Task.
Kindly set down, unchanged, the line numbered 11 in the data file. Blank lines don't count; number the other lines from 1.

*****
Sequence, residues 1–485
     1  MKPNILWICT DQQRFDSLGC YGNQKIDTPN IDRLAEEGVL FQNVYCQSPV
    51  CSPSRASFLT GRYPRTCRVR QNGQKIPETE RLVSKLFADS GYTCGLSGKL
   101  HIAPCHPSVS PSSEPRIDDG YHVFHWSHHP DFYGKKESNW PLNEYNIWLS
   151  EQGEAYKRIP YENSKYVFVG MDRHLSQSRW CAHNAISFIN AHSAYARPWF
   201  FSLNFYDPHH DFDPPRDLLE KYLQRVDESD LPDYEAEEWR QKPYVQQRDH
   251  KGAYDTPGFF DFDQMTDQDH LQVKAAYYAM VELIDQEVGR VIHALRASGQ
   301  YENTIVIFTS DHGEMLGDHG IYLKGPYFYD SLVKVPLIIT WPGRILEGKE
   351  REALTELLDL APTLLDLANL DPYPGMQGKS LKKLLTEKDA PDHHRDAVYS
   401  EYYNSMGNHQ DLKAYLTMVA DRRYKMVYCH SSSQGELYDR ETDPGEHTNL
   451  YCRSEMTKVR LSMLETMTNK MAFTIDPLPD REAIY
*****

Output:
   451  YCRSEMTKVR LSMLETMTNK MAFTIDPLPD REAIY